It may have been divine providence or it may have been just blind luck, but either way, Rabbi David Nesenoff’s visit to the White House in May 2010 was a transformative event — in his life and in that of one of the world’s most renowned journalists.
In a letter to Palestinian Authority President Mahmoud Abbas, two congressmen said a medal awarded to veteran journalist Helen Thomas could hurt U.S. assistance to the PA.
Longtime White House reporter Helen Thomas received a prize in journalism from a representative of Palestinian Authority President Mahmoud Abbas.
An unrepentant Helen Thomas said in an interview with Playboy magazine that she knew exactly what she was doing when she said on camera that Jews "should get the hell out of Palestine."
Former White House correspondent Helen Thomas said the Jews did not have to leave postwar Europe because they weren’t persecuted.
Helen Thomas’ decision to take her disparagement of Zionists from off the cuff (last May) to on the record (last month) has led a journalists' group to consider dropping her name from a lifetime achievement award. The Society of Professional Journalists is revisiting its decision last summer not to change the name of its Helen Thomas Lifetime Achievement Award after Thomas, 90, told an Arab-American group in Dearborn, Mich., last month that Congress, the White House, Hollywood and Wall Street “are owned by the Zionists.” Thomas, a 67-year-veteran of Washington reporting, resigned from her job as a columnist at Hearst last June after remarking to a video blogger that Jews “should get the hell out of Palestine” and “go home” to Poland, Germany and the United States. She later apologized, but her remarks in Michigan on Dec. 2 have raised fresh concerns about the sincerity of the apology.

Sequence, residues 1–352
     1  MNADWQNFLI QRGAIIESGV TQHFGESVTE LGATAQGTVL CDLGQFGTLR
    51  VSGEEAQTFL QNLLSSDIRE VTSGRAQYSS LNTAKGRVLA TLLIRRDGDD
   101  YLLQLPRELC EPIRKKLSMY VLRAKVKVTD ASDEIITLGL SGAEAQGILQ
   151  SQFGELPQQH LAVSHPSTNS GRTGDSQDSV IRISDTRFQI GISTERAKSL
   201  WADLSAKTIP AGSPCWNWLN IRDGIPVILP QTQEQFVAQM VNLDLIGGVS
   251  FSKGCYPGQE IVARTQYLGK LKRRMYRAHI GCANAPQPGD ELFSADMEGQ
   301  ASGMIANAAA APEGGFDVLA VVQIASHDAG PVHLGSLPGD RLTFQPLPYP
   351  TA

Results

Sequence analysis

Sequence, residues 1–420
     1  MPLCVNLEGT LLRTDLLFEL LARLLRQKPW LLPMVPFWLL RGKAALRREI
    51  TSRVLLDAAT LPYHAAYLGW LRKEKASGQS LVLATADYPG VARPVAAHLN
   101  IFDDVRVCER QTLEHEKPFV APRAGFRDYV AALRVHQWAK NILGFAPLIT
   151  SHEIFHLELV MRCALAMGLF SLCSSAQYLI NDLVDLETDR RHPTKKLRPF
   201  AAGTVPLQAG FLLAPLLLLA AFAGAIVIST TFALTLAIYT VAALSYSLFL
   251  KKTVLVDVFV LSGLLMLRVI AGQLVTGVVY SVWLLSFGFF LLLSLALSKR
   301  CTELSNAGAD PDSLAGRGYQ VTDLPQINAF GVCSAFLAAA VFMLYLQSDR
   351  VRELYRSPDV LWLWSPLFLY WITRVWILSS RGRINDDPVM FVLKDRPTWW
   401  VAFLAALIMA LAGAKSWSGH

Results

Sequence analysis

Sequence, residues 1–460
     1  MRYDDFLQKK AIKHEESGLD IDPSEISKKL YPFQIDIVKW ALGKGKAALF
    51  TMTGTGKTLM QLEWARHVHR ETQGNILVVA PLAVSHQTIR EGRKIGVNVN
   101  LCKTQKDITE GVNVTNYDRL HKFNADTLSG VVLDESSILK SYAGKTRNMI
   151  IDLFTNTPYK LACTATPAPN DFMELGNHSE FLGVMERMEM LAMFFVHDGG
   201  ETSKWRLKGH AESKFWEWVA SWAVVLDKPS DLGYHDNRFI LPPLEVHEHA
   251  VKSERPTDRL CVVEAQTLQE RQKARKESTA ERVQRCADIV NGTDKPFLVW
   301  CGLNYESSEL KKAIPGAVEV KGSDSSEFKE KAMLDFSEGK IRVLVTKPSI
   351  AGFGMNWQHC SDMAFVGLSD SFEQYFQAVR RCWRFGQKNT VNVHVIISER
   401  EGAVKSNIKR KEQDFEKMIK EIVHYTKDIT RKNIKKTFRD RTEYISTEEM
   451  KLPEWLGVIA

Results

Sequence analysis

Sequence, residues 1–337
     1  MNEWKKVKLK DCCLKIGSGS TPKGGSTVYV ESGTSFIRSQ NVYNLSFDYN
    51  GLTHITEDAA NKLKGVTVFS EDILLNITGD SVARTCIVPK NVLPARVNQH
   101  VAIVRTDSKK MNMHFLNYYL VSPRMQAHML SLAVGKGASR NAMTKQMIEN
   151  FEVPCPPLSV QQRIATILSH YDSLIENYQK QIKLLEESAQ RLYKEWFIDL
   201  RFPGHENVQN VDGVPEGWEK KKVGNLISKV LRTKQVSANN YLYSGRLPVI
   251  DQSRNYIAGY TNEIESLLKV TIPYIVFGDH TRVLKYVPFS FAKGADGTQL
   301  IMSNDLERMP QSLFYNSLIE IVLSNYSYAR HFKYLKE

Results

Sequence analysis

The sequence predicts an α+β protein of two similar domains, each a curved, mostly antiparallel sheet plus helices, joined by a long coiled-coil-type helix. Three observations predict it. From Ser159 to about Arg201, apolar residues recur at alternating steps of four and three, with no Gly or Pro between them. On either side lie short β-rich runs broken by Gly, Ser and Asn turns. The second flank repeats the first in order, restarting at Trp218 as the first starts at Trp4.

Helen Thomas is American journalism's crazy old aunt in the attic. Peter Beinart is a starry-eyed nephew. She loathes the state of Israel; he claims to love it--though both sided with the so-called Free Gaza flotilla that tried to break Jerusalem's naval blockade and allow the arming of the terror group Hamas, which has been firing rockets at Israeli civilians. Both Thomas and Beinart have caused a stir in recent weeks with their comments about Israel--not about the flotilla episode in particular but about the Jewish state more generally.
Helen Thomas quit her job with Hearst in the wake of mounting outrage over her assertion that Israeli Jews should "return" to Poland, Germany and the United States.